March 1991

Causes and Consequences of Blood Pressure Alterations in Obstructive Sleep Apnea

Author Affiliations

From the Divisions of Endocrinology (Dr Levinson) and Pulmonary and Critical Care Medicine (Dr Millman), Department of Medicine, Brown University, Providence, RI; Memorial Hospital of Rhode Island, Pawtucket (Dr Levinson); and Rhode Island Hospital, Providence (Dr Millman).

Arch Intern Med. 1991;151(3):455-462. doi:10.1001/archinte.1991.00400030025005

The obstructive sleep apnea (OSA) syndrome has been considered to be a cause of both transient blood pressure elevations during sleep and sustained hypertension during the awake state. The purpose of this review was to examine critically the existing literature regarding (1) the blood pressure alterations associated with OSA, (2) causal mechanisms relating specific blood pressure alterations to OSA, and (3) potential consequences of the systemic circulatory abnormalities associated with OSA. Particular attention was directed at studies that assessed the prevalence of OSA in patients with hypertension and that examined the effects on blood pressure of treatment of OSA. We conclude that patients with OSA have abnormal sleep blood pressure patterns, manifested most frequently by apnea-associated blood pressure elevations. Confounding factors such as obesity and antihypertensive drug therapy, and conflicting evidence regarding changes in daytime blood pressure after therapy for OSA, make it premature to conclude that OSA and daytime hypertension are directly associated. Circumstantial evidence suggests that the blood pressure alterations that occur during sleep could contribute to the high cardiovascular morbidity in patients with OSA. Further research into the relationship between OSA and hypertension should improve the future care of patients with these conditions and enhance our understanding of cardiopulmonary pathophysiology.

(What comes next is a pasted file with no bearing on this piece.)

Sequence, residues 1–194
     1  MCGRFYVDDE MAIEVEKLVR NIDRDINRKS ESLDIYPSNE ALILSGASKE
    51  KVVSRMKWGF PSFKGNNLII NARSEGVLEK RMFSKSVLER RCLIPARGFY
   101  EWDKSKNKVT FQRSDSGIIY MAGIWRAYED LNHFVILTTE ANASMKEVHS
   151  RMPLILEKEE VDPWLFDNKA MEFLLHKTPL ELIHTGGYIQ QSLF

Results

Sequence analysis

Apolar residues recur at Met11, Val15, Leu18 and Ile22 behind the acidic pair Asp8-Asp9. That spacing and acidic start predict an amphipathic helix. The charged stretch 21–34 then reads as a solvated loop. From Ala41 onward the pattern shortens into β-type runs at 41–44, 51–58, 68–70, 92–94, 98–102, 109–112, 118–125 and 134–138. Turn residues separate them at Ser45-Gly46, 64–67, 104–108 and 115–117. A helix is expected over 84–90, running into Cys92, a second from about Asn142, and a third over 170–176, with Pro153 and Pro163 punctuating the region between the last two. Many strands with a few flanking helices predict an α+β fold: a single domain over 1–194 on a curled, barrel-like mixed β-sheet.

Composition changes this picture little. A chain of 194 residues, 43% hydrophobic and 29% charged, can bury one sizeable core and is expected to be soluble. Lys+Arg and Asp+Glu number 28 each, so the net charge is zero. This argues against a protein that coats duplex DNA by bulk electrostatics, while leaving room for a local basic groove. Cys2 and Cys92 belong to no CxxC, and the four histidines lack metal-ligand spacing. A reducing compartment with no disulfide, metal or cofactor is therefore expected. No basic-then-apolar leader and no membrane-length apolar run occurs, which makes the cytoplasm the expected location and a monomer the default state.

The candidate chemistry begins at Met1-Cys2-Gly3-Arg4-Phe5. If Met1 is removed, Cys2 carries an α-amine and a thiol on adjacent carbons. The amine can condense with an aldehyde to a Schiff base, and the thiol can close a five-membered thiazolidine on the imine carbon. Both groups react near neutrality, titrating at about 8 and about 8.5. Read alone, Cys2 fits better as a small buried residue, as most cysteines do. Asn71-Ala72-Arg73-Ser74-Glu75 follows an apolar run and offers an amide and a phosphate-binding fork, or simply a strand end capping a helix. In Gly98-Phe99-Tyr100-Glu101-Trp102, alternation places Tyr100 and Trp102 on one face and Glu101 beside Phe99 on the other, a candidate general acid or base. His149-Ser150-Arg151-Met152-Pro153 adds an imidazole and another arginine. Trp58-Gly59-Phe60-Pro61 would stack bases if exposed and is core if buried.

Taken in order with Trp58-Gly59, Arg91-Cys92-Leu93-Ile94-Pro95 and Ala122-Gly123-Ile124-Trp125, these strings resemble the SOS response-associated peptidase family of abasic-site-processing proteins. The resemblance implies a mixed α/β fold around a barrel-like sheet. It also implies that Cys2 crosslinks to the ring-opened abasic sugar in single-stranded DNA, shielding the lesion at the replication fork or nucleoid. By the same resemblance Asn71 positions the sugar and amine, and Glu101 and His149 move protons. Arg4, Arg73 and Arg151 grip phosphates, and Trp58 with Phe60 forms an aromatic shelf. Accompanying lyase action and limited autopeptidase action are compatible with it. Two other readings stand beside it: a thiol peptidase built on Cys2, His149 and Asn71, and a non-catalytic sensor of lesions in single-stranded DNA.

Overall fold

(Arch Intern Med. 1991;151:455-462)